3
  • I asked this question, because I wanted to prepend a flexible width leaders box with a fixed one to make sure that there is always a minimum of leaders. In the meantime I found out that this can easily be don by replacing \hfill with \hskip 1em plus 1fill. However for me the (rephrased) question is still interesting to learn more about the functionality of leaders.
    – Tobi
    Jul 18 '18 at 10:32
  • LuaTeX provides a \gleaders (where g stands for global) command which aligns the symbols on the largest enclosing box. Jul 18 '18 at 11:42
  • @Metafox: Thanks for the tip. do you know of an äquivalent for pdfLaTeX? However you may consider making an answer out of your comment ;-)
    – Tobi
    Jul 18 '18 at 11:57
4

First off, only \leaders guarantee alignment across different lines.

However, \leaders are guaranteed to be aligned when they share the enclosing box level.

Consider the following plain TeX example:

\parindent=0pt

\def\lb{\hbox{\kern1mm\hss.\hss\kern1mm}}

\hbox to 4cm{\leaders\lb\hfil}

\hbox{\kern3.7mm\hbox to 3.63cm{\leaders\lb\hfil}}

\vtop{
  \leavevmode\leaders\lb\hskip4cm\kern0pt\par
  \leavevmode\kern3.7mm\leaders\lb\hskip3.63cm\kern0pt\par
  \leavevmode\hbox to 4cm{\leaders\lb\hskip4cm}\par
  \leavevmode\hbox to 4cm{\kern3.7mm\leaders\lb\hskip3.63cm}\par
}

\bye

As you can see, the first two rows of periods are not aligned, whereas the last four are.

enter image description here

3
  • Thanks. thats what I thought, so the answer to my question is simply “No”, correct?
    – Tobi
    Jul 18 '18 at 11:58
  • @Tobi I'm afraid so.
    – egreg
    Jul 18 '18 at 12:02
  • Well a “no” is a valid answer and at the moment no problem, since I found another solution (see my comment under my question). Maybe you like to add an explicit “no” to your answer …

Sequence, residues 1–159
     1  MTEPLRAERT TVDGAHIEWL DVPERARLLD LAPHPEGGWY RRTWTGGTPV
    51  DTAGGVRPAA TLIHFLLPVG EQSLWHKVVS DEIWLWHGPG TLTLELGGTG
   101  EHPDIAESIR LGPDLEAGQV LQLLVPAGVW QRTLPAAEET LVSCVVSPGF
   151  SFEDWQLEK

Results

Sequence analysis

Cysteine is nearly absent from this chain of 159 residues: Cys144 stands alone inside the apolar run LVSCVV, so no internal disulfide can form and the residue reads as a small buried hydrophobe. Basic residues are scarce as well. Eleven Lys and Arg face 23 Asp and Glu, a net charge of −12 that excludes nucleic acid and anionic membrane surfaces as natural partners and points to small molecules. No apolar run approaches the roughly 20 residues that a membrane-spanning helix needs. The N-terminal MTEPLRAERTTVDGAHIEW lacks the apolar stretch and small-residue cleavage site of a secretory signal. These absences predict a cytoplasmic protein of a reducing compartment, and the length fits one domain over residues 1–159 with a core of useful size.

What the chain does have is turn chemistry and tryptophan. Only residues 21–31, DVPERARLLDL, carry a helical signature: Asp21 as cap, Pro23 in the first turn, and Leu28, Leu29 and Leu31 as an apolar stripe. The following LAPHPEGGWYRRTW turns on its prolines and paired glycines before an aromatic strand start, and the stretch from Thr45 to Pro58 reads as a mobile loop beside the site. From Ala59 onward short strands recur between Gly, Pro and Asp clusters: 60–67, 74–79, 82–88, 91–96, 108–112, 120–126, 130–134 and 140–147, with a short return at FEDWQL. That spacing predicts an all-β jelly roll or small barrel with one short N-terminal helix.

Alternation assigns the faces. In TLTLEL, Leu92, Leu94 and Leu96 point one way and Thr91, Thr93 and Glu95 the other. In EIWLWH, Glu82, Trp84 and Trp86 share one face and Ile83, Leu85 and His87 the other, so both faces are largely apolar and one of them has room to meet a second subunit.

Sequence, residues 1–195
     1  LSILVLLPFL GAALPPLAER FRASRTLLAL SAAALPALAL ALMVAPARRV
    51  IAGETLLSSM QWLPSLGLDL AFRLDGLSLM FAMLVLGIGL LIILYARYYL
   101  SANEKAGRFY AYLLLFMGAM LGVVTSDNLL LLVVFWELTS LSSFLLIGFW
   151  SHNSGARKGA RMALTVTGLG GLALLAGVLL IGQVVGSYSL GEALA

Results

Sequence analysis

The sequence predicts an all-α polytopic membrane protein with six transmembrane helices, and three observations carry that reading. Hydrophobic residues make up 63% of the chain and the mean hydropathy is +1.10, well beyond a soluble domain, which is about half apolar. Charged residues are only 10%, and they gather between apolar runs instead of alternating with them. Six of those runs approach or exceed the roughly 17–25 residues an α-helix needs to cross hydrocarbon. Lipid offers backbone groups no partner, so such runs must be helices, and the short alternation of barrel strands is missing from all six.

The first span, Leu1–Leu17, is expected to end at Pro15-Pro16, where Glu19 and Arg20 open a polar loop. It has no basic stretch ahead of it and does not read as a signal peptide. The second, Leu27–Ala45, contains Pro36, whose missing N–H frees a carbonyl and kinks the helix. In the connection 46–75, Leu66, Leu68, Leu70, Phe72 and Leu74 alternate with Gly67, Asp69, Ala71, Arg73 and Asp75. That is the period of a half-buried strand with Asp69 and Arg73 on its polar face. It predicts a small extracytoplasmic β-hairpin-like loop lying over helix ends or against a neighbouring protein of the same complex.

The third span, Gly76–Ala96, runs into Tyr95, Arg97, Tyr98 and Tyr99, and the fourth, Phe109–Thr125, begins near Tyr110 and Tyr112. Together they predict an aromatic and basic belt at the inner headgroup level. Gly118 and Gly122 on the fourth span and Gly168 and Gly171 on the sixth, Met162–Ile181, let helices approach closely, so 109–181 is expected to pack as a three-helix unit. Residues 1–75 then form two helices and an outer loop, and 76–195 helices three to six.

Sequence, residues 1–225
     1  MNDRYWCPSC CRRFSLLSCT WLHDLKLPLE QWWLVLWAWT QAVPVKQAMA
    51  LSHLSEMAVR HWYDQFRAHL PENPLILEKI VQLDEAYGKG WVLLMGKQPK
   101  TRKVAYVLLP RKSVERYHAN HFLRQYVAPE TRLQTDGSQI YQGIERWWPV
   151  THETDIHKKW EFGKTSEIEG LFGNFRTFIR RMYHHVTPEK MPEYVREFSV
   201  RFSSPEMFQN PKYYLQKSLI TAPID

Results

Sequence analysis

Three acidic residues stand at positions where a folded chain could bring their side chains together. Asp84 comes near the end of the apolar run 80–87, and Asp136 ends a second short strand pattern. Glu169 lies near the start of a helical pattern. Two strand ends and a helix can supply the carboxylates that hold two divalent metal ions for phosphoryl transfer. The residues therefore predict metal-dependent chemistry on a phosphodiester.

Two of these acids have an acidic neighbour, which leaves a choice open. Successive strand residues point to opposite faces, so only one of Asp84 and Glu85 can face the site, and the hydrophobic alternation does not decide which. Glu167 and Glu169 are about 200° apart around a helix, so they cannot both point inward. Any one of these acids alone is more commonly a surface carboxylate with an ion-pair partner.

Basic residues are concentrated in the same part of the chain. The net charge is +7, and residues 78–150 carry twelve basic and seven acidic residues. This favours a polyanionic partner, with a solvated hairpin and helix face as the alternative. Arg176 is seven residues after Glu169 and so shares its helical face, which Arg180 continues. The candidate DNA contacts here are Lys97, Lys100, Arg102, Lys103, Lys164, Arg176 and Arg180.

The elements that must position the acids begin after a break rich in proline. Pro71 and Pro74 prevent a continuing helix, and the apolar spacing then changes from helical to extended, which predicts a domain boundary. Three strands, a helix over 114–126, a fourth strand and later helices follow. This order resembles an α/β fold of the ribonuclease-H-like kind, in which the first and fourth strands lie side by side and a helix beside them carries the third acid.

– Tobi
    Jul 18 '18 at 12:58
10

Ref: Heiko's excellent description at https://tex.stackexchange.com/a/253303/25858:

  • \leaders sets the boxes at fixed grid position. It is intended for dots in the table of contents, for example. Then no matter, where the dots start, they are always vertically aligned.

  • \xleaders calculates, how many boxes are needed to fill the space without overfilling. Then the space is divided in equal sized segments and the box is horizontally centered. The example below fills the space 20 pt with a box of width 7 pt. Thus two boxes fit in the space and the result is a "dashed" line.

  • \cleaders. Since the "dash" effect of the previous version is sometimes not desirable, \cleaders moves the boxes in the middle and put the remaining unfilled space at both sides of the space to be filled.

The problem arises when the space to be filled is not an exact multiple of the leader-period. What to do? Grid align (\leaders), centered with excess space on the outside (\cleaders), or distribute excess space between cycles (\xleaders).

So, I changed all \leaders and \cleaders to \xleaders.

\documentclass{article}

\newlength{\dotskip}
\setlength{\dotskip}{1mm}

\begin{document}

A \hbox to 20\dotskip {\xleaders\hbox to \dotskip {\hss:\hss}\hfill}B

A \xleaders\hbox to \dotskip {\hss:\hss}\hfill B

A \xleaders\hbox to \dotskip {\hss.\hss}\hfill B

A \hbox to 5\dotskip {\xleaders\hbox to \dotskip {\hss:\hss}\hfill}%
   \xleaders\hbox to \dotskip {\hss.\hss}\hfill B


\bigskip
A \hbox to 20\dotskip {\xleaders\hbox to \dotskip {\hss:\hss}\hfill}B

A \xleaders\hbox to \dotskip {\hss:\hss}\hfill B

A \xleaders\hbox to \dotskip {\hss.\hss}\hfill B

A \hbox to 5\dotskip {\xleaders\hbox to \dotskip {\hss:\hss}\hfill}%
   \xleaders\hbox to \dotskip {\hss.\hss}\hfill B

\end{document}

enter image description here

1
  • Thanks for your explanation, this seems to solve my problem and showed me that my question wasn’t precise enough … I rephrased it and edited my question: I actually want the leaders to stick to a grid.
    – Tobi
    Jul 18 '18 at 10:30